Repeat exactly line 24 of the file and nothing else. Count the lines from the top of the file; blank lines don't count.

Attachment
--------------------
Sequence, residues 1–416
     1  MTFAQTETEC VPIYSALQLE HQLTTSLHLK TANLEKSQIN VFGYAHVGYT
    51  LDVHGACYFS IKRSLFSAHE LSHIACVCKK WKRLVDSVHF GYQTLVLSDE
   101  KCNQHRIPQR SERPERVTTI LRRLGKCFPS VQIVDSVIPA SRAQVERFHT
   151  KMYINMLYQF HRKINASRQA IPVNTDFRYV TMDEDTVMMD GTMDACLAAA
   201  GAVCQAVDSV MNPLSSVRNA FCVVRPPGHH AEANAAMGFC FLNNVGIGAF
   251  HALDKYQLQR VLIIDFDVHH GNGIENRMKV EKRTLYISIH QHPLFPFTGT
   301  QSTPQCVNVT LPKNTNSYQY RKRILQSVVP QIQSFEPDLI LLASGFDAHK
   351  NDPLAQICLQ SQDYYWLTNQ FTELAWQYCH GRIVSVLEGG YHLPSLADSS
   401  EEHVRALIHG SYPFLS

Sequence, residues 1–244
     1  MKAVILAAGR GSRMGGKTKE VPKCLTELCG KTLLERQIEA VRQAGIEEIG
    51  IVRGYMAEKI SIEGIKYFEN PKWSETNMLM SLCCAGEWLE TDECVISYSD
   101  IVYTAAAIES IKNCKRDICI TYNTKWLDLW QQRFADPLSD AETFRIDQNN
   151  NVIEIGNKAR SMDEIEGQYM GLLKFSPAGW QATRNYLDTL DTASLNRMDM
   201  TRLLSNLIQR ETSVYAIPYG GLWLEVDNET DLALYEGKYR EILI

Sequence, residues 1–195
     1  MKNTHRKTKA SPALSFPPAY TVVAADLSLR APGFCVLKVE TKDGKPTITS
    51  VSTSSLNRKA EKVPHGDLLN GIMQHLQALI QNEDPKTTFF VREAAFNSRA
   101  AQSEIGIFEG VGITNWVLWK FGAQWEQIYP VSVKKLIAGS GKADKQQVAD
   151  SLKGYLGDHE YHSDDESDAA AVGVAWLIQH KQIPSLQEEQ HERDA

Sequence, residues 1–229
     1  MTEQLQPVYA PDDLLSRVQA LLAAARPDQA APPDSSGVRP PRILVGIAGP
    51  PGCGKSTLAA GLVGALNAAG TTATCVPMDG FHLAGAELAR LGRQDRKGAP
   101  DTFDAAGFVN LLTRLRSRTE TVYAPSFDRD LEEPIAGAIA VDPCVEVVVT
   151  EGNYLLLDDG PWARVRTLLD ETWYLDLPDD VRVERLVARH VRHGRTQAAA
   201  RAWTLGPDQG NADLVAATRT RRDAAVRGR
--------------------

    51  PGCGKSTLAA GLVGALNAAG TTATCVPMDG FHLAGAELAR LGRQDRKGAP